Racism, sexism, terrorism — it feels like the world is in all kinds of chaos right now, and everybody is feeling increasing pressure to make their voice heard and take a stand. In the fashion world, designers are using their creativity and influence to help tackle some of these critical issues. “I never wanted to be directly political in my job,” Miuccia Prada expressed in an interview with Dazed Digital. “We couldn’t not take care of what was happening.”
Prada is referring to her Fall/Winter 2017 collection, in which she tapped on gender politics by covering the walls of her 70s-inspired show space with vintage-style movie posters featuring femme fatales in technicolour, along with reworked titles from novels and movies. These fantasy women — glamorous but deadly — can be spotted throughout the collection too, covered in vinyl dresses and marabou-trimmed skirts.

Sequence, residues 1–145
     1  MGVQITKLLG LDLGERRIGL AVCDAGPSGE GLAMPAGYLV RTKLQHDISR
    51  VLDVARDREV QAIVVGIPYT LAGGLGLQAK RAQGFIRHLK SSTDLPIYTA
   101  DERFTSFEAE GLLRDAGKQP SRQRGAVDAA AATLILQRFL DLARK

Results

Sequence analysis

These poster illustrations are courtesy of American artist Robert McGinnis, who also created some of Hollywood’s most iconic movie posters including James Bond, Barbarella and Breakfast at Tiffany’s. By putting this stereotypically sexist pin-up culture under the spotlight, Miuccia Prada explored the role women have had in the shaping of modern society and, most importantly, addressed how little improvement the world’s made over the past half-decade regarding the one-dimensional positioning of women in our society. Indeed, why can’t a woman be simultaneously intelligent and seductive?
Inviting us all to address this issue in style, Prada has just released a unique capsule collection, titled “Prada Poster Girl,” featuring t-shirts, sweaters and dresses all emblazoned with prints inspired by those at the runway show. As one of the posters proclaims: “Fashion is about the everyday and the everyday is the political stage of our freedoms.” Perhaps it’s time to start getting yourself involved.
The “Prada Poster Girl” capsule collection is now available in select Prada stores as well as on prada.com.
Prada, Shop G4, Alexandra House, Central, Hong Kong, +852 2522 2989